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The Denver Nuggets can straight-up run.
They used their incredible athleticism to their advantage last year, finishing 38-28 and nabbing the No. 6 seed by running and gunning through the lockout-shortened campaign.
Denver averaged an impressive 104.1 points per game last season, which was good for first in the league, and also led the NBA in assists with 24.0 per contest.
With so many players constantly moving and flying down the court, it was simple for the entire team to share the ball (Lawson was the leading set-up artist, but averaged just 6.0 dimes per game) and get easy buckets.
We’ll expect more of the same this year, with a stronger emphasis on actually stopping the opponent on the defensive end. Iguodala will lead that charge, and he should certainly be up for it.
The former Sixers star spent the summer practicing with Team USA. He got ample opportunities to guard some of the best players in the world while also seeing the top defenders’ work ethic and the dedication they put forth in locking down their men.
Coach Karl will certainly have Iggy assigned to the best perimeter defender, and he should seamlessly be able to manage that and the rest of Afflalo’s duties now that he’s the starting 2 in Denver.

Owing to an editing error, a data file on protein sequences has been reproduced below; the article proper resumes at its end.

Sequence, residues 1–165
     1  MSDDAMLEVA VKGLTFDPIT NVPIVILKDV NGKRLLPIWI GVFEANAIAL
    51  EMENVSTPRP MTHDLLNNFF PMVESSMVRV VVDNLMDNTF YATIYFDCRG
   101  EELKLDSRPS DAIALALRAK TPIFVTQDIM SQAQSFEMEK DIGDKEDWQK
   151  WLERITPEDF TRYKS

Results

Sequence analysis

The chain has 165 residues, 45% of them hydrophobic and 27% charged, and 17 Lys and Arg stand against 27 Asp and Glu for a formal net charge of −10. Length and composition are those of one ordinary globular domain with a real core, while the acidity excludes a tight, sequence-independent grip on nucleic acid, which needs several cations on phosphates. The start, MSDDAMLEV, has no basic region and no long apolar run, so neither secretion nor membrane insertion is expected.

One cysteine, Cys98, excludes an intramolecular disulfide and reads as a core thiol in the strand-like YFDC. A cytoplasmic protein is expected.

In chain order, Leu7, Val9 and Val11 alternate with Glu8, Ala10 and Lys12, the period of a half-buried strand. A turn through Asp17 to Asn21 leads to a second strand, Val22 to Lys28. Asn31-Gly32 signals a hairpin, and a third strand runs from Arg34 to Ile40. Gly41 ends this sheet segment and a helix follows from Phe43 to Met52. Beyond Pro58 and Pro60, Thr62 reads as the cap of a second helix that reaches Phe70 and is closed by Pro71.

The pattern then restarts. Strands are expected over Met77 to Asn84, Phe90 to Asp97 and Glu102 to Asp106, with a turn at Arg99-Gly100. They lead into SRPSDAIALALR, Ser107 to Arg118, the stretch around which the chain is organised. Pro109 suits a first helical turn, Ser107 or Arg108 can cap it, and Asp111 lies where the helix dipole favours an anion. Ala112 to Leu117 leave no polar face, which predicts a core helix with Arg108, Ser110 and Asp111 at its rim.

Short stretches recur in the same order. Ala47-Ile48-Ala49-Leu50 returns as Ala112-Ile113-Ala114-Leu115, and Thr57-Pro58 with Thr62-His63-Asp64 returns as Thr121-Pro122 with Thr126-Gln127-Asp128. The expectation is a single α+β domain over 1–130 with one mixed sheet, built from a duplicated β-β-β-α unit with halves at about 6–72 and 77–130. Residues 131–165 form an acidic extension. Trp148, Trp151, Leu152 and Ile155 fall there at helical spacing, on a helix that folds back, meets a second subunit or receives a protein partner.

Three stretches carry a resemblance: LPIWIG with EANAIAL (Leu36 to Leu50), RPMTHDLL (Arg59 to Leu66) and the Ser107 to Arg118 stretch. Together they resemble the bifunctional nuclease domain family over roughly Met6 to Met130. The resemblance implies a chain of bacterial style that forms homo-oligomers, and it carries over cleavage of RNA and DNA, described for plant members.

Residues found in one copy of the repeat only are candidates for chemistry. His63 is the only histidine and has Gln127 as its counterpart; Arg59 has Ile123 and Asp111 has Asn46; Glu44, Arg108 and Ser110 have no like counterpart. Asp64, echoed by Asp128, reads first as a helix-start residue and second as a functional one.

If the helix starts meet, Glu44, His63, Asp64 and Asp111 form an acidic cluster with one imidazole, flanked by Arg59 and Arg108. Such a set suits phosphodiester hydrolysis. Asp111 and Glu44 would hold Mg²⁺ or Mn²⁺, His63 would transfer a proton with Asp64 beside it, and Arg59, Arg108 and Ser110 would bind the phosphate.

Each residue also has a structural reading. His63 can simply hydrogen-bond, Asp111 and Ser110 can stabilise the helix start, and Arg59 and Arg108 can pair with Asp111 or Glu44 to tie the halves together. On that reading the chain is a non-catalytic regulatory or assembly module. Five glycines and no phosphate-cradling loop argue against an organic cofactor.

Another way the Nuggets’ immense athletic ability has shown up in the box score is in the rebounding department.
This team pulled down an average of 43.1 per contest in 2011-12, with rookie sensation Faried cleaning the glass to the tune of 10.0 per game. If the Denver players continue to hustle, box out and spring up to get these rebounds, it will make life a lot easier in 2012-13.
The other underrated strength of this organization is the depth on the roster.
We mentioned it earlier, but it’s worth noting again. There might not be another team in the NBA that has at least two players at every position of the same quality that Denver possesses. Go run through the depth chart again to see for yourself.
With Lawson/Miller, Iguodala/Brewer, Gallinari/Chandler, Faried/Randolph and McGee/Koufos, the Nuggets will be able to combat a number of injuries and not skip a beat. They’ll also have the luxury of giving aching or ailing players a night’s rest every now and then.
That’s a huge advantage in an 82-game season, and it should certainly help the Nuggets' seeding come playoff time.